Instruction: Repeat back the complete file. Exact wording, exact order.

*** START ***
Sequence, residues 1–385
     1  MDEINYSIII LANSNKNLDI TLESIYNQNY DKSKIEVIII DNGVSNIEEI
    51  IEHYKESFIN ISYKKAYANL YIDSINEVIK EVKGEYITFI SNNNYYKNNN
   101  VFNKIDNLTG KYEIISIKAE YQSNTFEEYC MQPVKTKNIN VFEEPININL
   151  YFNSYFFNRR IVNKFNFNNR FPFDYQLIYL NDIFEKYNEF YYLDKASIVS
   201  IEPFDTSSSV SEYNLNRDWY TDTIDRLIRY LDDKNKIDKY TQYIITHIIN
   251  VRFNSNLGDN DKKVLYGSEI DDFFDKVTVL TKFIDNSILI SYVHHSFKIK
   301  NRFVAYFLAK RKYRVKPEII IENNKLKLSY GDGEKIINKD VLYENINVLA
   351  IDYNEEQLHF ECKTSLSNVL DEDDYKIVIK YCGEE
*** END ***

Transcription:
Sequence, residues 1–385
     1  MDEINYSIII LANSNKNLDI TLESIYNQNY DKSKIEVIII DNGVSNIEEI
    51  IEHYKESFIN ISYKKAYANL YIDSINEVIK EVKGEYITFI SNNNYYKNNN
   101  VFNKIDNLTG KYEIISIKAE YQSNTFEEYC MQPVKTKNIN VFEEPININL
   151  YFNSYFFNRR IVNKFNFNNR FPFDYQLIYL NDIFEKYNEF YYLDKASIVS
   201  IEPFDTSSSV SEYNLNRDWY TDTIDRLIRY LDDKNKIDKY TQYIITHIIN
   251  VRFNSNLGDN DKKVLYGSEI DDFFDKVTVL TKFIDNSILI SYVHHSFKIK
   301  NRFVAYFLAK RKYRVKPEII IENNKLKLSY GDGEKIINKD VLYENINVLA
   351  IDYNEEQLHF ECKTSLSNVL DEDDYKIVIK YCGEE